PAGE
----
Fig. 2.-Pi-ElectrP E6gy Levels of C6H6, (PNC12)3 and
(PNC12)4. 6,2






\db


d /Ada


yz / 1
\ /






xz

/ \

/ \



Fig. 3.-Overlap of Pd -Orbitals with N -Orbitals.



new pi-orbitals. These hybridized pi-orbitals overlap
nitrogen pz orbitals on both sides of the phosphorus atom
to form the pi-bonding system. Instead of an extensive
aromatic system, however, this method describes P-N-P units
connected by localized three-center bonds (Fig. 4). The









Fig. 4.-Localized, Three-Center P-N-P Bonds in a
Phosphonitrile Segment.










relatively simple molecular orbital calculations indicate

that the delocalization energy is on the order of 0.82 no

where B is the resonance integral and n is the number of

P-N units. This is considered a high value and therefore

the theory predicts high stability for the phosphonitrilic

structure. Unlike Craig's theory, this approach indicates

that the properties which depend on the pi-system alone

should not change with increasing ring size. Certain

spectral measurements are cited in support of this

approach.(18)

Superimposed on the sigma- and pi-bonding in phospho-

nitriles is a third bonding system referred to as the pi'-

system. This system arises from the overlap of the d 2_y2

and d -orbitals of phosphorus with nitrogen lone-pair
xy
orbitals. As mentioned above, the unshared pair of elec-

trons on nitrogen occupies an s-p hybridized orbital. In

the trimeric molecules where the P-N-P bond angle is about

1200 this orbital is an sp2 hybrid. However, in the

tetramer and larger derivatives the bond angle becomes

greater, the lone-pair orbital obtains more p-character,

and greater overlap with phosphorus d-orbitals can occur.

Electron density can therefore increase on phosphorus at

the expense of nitrogen in this second delocalized system.

In rationalizing the chemical and physical properties

of phosphonitrile derivatives it is difficult to separate










the several effects arising from interactions of the three

bonding systems and the inductive effects of the substitu-

ents on phosphorus. An example of this is presented by

Feakins et al.,(19) in a thorough study of the basicity of

phosphonitrilic derivatives. The observed trend in base

strength as the ligands on phosphorus were changed, or as

trimers and tetramers were compared, could not be explained

by either pi-bonding theory alone. The data could be

rationalized, however, by considering the various effects

mentioned above, and the conclusion was reached that the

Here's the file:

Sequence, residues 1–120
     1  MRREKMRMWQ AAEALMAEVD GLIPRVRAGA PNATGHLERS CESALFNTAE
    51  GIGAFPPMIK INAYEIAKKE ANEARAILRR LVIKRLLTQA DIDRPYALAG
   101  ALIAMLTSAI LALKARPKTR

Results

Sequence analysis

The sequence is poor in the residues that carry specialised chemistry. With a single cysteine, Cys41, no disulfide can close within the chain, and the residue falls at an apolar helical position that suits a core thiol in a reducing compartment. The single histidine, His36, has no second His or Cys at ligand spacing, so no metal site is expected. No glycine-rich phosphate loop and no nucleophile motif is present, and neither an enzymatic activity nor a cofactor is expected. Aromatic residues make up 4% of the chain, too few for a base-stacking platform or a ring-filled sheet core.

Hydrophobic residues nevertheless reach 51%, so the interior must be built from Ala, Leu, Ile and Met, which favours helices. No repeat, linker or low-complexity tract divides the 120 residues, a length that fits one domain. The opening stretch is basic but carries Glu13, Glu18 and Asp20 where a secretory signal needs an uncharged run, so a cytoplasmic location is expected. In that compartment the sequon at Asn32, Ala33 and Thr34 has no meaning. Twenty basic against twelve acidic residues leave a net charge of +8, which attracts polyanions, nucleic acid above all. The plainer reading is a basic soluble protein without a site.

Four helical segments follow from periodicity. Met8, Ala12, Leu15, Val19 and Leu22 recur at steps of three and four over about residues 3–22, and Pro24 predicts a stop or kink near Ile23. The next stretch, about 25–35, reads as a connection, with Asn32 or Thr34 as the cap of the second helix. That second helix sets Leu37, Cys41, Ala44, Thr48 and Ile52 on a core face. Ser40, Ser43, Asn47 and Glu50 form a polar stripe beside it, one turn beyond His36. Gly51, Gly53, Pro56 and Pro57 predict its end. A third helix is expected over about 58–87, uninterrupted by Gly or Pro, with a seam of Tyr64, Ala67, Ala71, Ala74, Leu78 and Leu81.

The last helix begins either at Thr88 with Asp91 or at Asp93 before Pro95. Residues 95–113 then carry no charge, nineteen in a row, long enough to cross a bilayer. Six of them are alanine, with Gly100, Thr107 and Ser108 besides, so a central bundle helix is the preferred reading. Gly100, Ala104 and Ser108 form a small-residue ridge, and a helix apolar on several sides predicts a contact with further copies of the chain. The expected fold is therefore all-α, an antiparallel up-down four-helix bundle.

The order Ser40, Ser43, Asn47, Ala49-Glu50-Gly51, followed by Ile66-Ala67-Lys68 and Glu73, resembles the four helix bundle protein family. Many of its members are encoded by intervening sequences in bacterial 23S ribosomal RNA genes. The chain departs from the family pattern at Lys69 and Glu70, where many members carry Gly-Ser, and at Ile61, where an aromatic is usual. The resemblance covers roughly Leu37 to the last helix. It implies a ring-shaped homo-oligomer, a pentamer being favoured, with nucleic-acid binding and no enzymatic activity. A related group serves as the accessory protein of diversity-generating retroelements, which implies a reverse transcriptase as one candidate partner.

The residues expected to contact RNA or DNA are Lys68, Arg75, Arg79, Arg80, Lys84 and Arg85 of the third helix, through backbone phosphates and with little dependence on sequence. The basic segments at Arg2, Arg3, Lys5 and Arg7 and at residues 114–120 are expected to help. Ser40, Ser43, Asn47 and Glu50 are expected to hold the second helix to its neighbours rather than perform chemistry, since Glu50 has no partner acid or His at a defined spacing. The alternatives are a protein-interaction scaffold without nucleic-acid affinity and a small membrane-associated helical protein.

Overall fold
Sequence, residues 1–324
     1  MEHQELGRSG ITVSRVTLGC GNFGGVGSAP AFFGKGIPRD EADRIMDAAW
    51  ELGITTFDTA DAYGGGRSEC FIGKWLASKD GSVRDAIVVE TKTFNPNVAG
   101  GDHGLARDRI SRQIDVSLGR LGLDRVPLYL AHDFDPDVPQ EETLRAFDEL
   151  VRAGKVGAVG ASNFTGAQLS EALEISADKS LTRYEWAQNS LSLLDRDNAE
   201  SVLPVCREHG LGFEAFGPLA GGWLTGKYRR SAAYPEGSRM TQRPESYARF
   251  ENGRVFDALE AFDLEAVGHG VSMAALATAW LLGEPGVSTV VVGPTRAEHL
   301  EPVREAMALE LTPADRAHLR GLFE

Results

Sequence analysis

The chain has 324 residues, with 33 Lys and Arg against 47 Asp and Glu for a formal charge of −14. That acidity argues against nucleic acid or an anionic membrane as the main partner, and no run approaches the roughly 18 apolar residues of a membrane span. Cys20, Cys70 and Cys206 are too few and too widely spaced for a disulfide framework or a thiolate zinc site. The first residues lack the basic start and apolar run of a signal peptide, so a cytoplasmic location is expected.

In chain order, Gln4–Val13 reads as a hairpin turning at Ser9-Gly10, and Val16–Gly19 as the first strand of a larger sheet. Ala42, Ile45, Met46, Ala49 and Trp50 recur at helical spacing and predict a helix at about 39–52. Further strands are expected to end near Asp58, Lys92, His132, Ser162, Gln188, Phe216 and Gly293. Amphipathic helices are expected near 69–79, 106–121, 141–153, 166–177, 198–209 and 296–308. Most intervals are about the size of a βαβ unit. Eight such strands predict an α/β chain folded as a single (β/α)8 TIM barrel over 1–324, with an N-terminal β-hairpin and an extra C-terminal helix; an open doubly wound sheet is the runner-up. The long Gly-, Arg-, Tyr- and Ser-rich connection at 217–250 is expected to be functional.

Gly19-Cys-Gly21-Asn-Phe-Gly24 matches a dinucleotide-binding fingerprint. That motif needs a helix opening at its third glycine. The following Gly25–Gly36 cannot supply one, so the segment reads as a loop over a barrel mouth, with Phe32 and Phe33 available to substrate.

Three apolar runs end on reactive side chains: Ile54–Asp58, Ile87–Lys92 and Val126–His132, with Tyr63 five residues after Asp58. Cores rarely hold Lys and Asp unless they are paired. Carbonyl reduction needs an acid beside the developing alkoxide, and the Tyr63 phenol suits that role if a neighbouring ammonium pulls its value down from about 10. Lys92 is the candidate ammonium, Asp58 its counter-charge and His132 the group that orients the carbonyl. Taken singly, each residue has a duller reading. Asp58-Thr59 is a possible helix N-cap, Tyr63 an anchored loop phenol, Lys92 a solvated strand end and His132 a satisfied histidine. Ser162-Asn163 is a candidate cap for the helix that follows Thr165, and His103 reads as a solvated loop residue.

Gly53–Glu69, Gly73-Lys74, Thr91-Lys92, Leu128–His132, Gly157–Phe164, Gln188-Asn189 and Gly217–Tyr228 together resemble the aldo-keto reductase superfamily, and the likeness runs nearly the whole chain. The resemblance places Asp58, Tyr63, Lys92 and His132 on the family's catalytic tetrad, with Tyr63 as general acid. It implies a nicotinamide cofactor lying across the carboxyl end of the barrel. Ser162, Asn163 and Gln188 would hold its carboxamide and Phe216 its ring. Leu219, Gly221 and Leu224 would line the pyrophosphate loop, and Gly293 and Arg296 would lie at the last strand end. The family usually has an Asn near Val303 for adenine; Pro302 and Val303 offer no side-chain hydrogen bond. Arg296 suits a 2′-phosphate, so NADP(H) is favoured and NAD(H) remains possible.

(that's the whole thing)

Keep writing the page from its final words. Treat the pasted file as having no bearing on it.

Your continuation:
base strengths depend in a complex way on a number of

parameters.

It has been established that the base strength of(20)

phosphonitrilic derivatives is dependent upon the avail-

ability of nitrogen lone-pair electrons in the ring and

that protonation occurs on the ring. Thus, delocalization

of the nitrogen lone-pair into the region of the P-N bond

has the effect of decreasing the base strength and in-

creasing the P-N bond strength. Both of these effects are

sensitive to small changes in the ability of the substituent

on phosphorus to accept electrons and can therefore be

roughly correlated with the electronegativity of the sub-

stituent. Table 2 shows the increase in base strength of

certain derivatives with a decrease in the electronegativity

of the ligand.









TABLE 2(19)
BASE STRENGTH OF PHOSPHONITRILIC DERIVATIVES TOWARD
PROTONS IN NITROBENZENE AND WATER

R C1 OC2H5 C6H5 C2H5 NHC2H5 N(C2H5)2

pKa (NPR2)3 <-6.0 -0.2 1.5 6.4 8.2 8.5

pKa (NPR2)4 <-6.0 0.6 2.2 7.6 8.1 8.5

5.9 8.7
(water) (water)

6.5 8.7
(water) (water)

In the infrared spectra of phosphonitrilic deriva-

tives there occurs a strong band in the region of 1100-1400
-1
cm1 (see Table 3) which is attributed to P-N ring stretch-

ing. The position of this peak is quite variable and the

variation can be correlated with the electronegativity of

the group attached to phosphorus. If the group has a high

electronegativity the nitrogen lone-pair electrons can be

delocalized into the region of the P-N bond, strengthening

that bond and increasing the frequency at which the infra-

red peak occurs. Conversely, if the group has a low

electronegativity or is an electron releasing group such as

an amine, the nitrogen lone-pair is localized on the nitro-

gen atom and the P-N stretching frequency occurs at lower

energy. This effect is illustrated in Table 3.










TABLE 3

VARIATION OF P-N STRETCHING FREQUENCY WITH ELECTRONEGATIVITY
OF EXOCYCLIC GROUPS


Group Electro- (a) P-N Stretching Frequency, Ref.
negativity Cm-1

Trimer, Tetramer,
(R2PN)3 (R2PN)4

F 4.0 1305 1435 23

Cl 3.0 1218 1315 24

C6H5 1.74 1190 1213 25

CH3 1.57 1180 1220 26

NH2 1175 1240 27

C2H5 1.2 1157 1280 25

n-C4H9 0.9 1155 6

(a)Electronegativities of F and Cl are Pauling's(21)
values; others are calculated from the
formula,(22) X. = XH + 0.183 (D(R-H)-[D(R-R)-D(H-H)]} .

Obviously the foregoing discussion is a simplifica-

tion. Such properties as the base strength and P-N stretch-

ing frequency also depend on a number of factors not